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IWC Schaffhausen

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IWC Schaffhausen

IWC Schaffhausen

 

 

Beginning of a legend - the IWC racing watches

 

The first Ingenieur was born in 1955, designed and built for engineers and scientists in need of a timepiece that could withstand shock, vibration, and magnetic fields. Decades later, the Ingenieur has evolved to honor another pinnacle of engineering – motorsport. In the racing world, timing is everything, and months of effort can go into saving a tenth of a second. The drivers get most of the attention, but we see heroes in the engineers and scientists behind the pit wall.

A Swiss engineer watch for heroes

 

In 1955, Europe was in the midst of rebuilding after the devastation of World War II, and the engineers and scientists leading the effort were regarded as heroes. But as technology rapidly evolved, magnetic fields became pervasive, and suddenly the average wristwatch was no longer reliable. IWC stepped up with the Ingenieur Reference 666, a purpose-built anti-magnetic tool watch for scientific and industrial usage. It featured the first instance of the famed Pellaton bi-directional, automatic winding system and a soft-iron inner case that protected the movement from magnetic fields up to 1000 gauss. It was as rugged as it was beautiful, and a legend was born.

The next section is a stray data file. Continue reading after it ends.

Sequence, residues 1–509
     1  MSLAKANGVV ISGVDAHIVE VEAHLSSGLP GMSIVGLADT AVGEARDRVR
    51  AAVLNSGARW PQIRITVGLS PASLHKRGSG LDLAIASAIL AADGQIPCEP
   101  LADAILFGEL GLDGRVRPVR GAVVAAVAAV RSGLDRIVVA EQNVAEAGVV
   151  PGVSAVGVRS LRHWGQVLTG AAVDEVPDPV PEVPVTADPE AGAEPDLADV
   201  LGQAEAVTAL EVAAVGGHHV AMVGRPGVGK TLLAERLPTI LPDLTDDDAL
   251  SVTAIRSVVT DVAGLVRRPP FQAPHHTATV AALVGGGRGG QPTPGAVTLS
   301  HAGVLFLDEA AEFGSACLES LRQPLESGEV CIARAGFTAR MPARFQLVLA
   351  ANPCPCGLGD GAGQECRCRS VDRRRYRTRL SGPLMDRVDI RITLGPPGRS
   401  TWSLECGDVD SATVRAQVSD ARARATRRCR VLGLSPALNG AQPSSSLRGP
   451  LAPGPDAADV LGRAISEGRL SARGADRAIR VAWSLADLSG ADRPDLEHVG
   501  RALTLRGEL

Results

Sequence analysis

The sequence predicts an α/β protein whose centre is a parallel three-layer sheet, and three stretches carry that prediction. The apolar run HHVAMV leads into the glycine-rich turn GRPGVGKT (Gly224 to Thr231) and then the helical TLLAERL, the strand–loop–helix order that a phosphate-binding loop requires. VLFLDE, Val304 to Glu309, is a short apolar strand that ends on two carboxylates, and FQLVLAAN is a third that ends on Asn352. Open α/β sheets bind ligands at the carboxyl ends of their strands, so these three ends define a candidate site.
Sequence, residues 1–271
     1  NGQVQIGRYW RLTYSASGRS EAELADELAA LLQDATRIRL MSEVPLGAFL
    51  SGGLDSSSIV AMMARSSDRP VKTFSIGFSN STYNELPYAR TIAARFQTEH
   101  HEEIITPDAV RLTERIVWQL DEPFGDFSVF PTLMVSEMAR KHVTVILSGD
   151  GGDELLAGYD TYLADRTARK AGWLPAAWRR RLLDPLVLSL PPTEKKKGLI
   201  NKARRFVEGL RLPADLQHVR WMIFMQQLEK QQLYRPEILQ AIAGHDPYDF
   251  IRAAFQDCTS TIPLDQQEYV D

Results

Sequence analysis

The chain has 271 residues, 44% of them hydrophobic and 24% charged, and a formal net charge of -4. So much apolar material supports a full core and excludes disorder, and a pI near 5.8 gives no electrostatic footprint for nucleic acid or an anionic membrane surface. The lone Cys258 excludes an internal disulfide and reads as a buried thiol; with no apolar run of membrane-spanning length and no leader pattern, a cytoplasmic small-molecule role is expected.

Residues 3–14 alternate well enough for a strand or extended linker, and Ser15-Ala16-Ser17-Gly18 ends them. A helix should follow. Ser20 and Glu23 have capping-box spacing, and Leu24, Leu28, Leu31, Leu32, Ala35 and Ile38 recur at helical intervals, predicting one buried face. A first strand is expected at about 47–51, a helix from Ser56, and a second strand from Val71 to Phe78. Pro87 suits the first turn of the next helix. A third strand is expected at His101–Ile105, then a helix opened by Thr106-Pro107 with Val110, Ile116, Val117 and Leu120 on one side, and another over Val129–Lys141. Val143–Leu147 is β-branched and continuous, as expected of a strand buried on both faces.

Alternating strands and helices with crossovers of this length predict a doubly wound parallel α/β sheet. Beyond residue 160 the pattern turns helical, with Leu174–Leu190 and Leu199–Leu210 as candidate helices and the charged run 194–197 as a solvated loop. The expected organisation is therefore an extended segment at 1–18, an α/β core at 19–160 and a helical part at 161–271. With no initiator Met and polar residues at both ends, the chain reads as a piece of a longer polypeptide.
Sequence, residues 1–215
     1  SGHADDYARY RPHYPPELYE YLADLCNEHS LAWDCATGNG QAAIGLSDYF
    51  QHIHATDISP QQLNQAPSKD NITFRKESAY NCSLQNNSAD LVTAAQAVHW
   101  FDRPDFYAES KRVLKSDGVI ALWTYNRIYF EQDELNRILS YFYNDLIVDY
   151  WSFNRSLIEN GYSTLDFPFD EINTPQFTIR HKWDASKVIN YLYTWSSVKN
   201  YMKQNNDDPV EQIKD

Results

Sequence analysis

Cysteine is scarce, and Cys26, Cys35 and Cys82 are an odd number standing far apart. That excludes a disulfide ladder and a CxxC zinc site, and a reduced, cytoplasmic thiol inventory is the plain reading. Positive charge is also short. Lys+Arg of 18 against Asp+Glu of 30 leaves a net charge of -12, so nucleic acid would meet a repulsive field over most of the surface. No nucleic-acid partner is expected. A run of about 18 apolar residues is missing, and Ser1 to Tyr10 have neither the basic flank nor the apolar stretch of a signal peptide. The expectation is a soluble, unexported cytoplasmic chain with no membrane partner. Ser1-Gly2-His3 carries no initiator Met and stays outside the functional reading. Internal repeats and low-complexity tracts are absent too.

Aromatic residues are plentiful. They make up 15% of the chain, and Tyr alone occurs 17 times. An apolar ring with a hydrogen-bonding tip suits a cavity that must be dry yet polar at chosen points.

Icons of resistance

 

The Ingenieur SL Automatic, Reference 1832, is one of the best-known IWC’s racing watches. Designed by Gérald Genta in 1976, it featured his signature style, inspired by a traditional diving helmet. The SL was built around the IWC-manufactured 8541 ES calibre, which used antimagnetic materials in addition to a soft-iron inner case enabling it to resist magnetic fields of up to 80,000 A/m.

 

How far can engineer watches be pushed? IWC decided to find out in 1989 with the Ingenieur 500,000 A/m. The movement was built in part with niobium-zircon alloy, and withstood an incredible 3,700,000 A/m. It could actually have taken more, but it was a bit too far ahead of its time – instruments capable of measuring higher hadn’t been invented yet. 

 

In 2013, IWC set the watch world ablaze with the Ingenieur Constant-Force Tourbillon. Its ceramic and platinum case contained the patented Constant-Force Tourbillon, a breakthrough in precision timekeeping. The double moon display on the dial contains images of the moon so detailed that the craters on the surface are visible, and the moon phase runs with a deviation of just a single day every 577 years.

Luxury racing watches honoring legends

IWC Schaffhausen